One of America’s finest landscape painters, Tim Stevenson recently had a solo exhibition of over sixty of his most recent works featuring the peaceful vistas of the Tennessee Valley, vivid still life and thoughtful figurative paintings in watercolor and oil at the Carnegie Visual Arts Center in Decatur, Alabama. A native-born Alabama artist, he has been painting for over forty years in the tradition of the ‘Old Masters,’ (Vermeer and Rembrandt). A self-taught artist who ‘drew pictures for cookies’ at age three, his intermittent excursions into art included cartooning, advertising, illustration and billboard painting along the way. For nine years, Tim taught painting and drawing at his namesake art studio and school, and now teaches a small group of students twice a month in Tuscumbia. He finishes a new painting roughly every two weeks. www.timstevensonart.com
You wrote: “I have found over time that the true value of art lies in its effect on the human heart and mind, its inherent soulfulness and its ability to stimulate thought.” Seeing an object before you and actually transferring it onto a canvas through paint requires great skill, concentration and patience. How does one begin to understand color and light?
Perception is relative, that’s number one. Given we have a fantastic ability to comprehend color and light; we have a hundred million receptors in our eyes and our brain is interpreting and making sense out of what we see. The problem is in the ‘software,’ how to make meaning out of visual world.
So it’s how our understanding comprehends tons of information. It has to do with our education. Whether it comes to us through other people, which is often the case, or from reading, or conversations with other artists or with our native intelligence, from just looking.
In my opinion, the real test of an artist is to comprehend the input. It’s great to have a good teacher; it’s all a key to learning. It’s takes a lot to learn all that is needed to make great art.
I have a college degree in art and during that time I felt there was more theory being taught than actual practice. I really consider I had some good teachers but my learning curve was more steep after my graduation when I went off to work by myself.
Particularly it was when I took up watercolor painting – it’s a very slow process. I would spend weeks and weeks on a painting. You can see the changes day by day in order to make judgments. In that way I worked in a fresh way. I made notes about what I could accomplish each day. Each day I might do a few square inches and try to accomplish that, a slow process but one filled with a fuller comprehension.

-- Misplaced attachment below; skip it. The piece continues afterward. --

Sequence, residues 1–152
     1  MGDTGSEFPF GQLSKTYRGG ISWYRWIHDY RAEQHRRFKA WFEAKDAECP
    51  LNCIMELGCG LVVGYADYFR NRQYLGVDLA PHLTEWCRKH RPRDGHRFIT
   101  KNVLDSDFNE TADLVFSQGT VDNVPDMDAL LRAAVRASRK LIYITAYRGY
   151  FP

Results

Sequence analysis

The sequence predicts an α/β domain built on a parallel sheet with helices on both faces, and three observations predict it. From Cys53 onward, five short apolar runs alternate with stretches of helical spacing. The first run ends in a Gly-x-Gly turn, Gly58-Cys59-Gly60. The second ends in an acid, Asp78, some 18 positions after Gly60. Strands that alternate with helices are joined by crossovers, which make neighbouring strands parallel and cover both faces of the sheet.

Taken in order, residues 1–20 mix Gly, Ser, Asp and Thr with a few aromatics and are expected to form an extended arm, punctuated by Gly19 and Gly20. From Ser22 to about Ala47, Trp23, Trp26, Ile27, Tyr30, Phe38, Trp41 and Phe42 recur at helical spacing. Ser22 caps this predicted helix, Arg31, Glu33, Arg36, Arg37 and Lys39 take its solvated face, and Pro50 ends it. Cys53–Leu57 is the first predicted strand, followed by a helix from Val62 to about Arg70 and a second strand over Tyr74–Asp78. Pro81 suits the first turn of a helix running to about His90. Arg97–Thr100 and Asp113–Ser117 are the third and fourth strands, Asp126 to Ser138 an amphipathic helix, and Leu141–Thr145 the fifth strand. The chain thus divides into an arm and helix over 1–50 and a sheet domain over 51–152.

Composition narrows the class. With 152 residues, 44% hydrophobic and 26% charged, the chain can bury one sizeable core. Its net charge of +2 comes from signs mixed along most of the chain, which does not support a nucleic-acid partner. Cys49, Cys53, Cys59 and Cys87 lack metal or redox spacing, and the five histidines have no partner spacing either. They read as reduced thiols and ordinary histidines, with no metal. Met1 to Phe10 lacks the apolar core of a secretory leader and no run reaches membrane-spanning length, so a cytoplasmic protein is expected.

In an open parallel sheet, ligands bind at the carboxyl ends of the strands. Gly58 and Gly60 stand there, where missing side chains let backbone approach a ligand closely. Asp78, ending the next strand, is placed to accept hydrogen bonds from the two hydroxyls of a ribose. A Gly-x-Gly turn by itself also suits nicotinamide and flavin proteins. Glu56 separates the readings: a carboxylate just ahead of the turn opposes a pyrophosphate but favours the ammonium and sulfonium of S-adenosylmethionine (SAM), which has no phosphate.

Taking your time is counterpoint to the way we’ve been taught to be as Americans, which is all about speed, money and power – and there are people who want that. Writers, actors, musicians, artists – we have to go off by ourselves to learn our craft very often, and spend time in solitude. That’s when the good stuff comes and what you discover is the boon you bring to the world.
We’re kindred spirits, you and I, and essentially we try to bring something good into the world. Sometimes it can be disappointing or frustrating but nevertheless we go back over and over again to the drawing board, ‘to the well’. That’s our purpose, our mission.
I understand when you were an art student at the University of North Alabama, you spent a fair amount of time painting in what is referred to as a modernist or abstract style.
You know there’s a story I’m fond of. Revolutions always leave fires in their wake. Mine was a personal revolution. It came on the heels of realizing who I am, and of not trying to be something I’m not.
In 1978 I burned four hundred and fifty paintings of mine and told myself: I’m starting all over. It felt great, it was a cleansing – turning a corner. It was like finding a new purpose in life. Prior to that, I was thinking those thoughts – y’know – of being famous.
And fame is a four letter word, according to Mr. Rogers. And that was the point. I began to think about my purpose more than the accolades and there’s a price to be paid for doing that for thinking of economics as less of a priority.
As a good friend sometimes reminded me: “You’re the only who cares,” and I made that decision, however the chips might fall.
Did your work in cartooning, advertising, illustration and billboard painting contribute to your skill in using a brush?
It all contributed tremendously. For instance, in billboard painting there’s no room for personal expressions. It’s purely a skill painting a thirty-foot long car or a fourteen-foot-tall peanut butter parfait with a cherry on top of ice cream, or a huge mug of beer with condensation on the side of the glass. You learn the skills of représentation, of accurate color, you gain a comprehension, an accuracy, in a nutshell. Your client is paying so you have to paint it as they see it, very realistically.
So it really helped me a lot to learn the skill of color-mixing and representing thing naturally. I painted over two thousand billboards and learned the art of billboard painting. I wish every artist who wanted to be a representational artist learned how to paint a thing larger than life to be seen by hundreds of people on a daily basis. Michelangelo did that kind of scale with the Sistine Chapel.
Were there artists you were drawn to when you began painting, and what was it about their work that touched you?
Originally I was impressed with Matisse, partly because of his color. I had a weakness with color, and I studied artist’s work from the era, particularly the impressionists, the fauve painters. Later on, I got to the Americans: Winslow Homer, Hopper and Wyeth. They were painters who had a lot of heart in their painting, very skillful at telling story they wanted to tell.
You currently have a solo exhibition of your work in Decatur – what does it mean to you seeing many of your paintings all together like this?
It’s very good to see them all together. When you’re working on a daily basis over the years, you’re stacking up all these paintings and you don’t see them except as in a portfolio. So it’s been good to see an exhibit of them in the context of how that contributes to what I have to say, a time to analyze and consider continuity and their effect as a group. I actually haven’t painted for a month right now, which is very unusual. Before that, it had been ten years since I took a month off. I did it to think.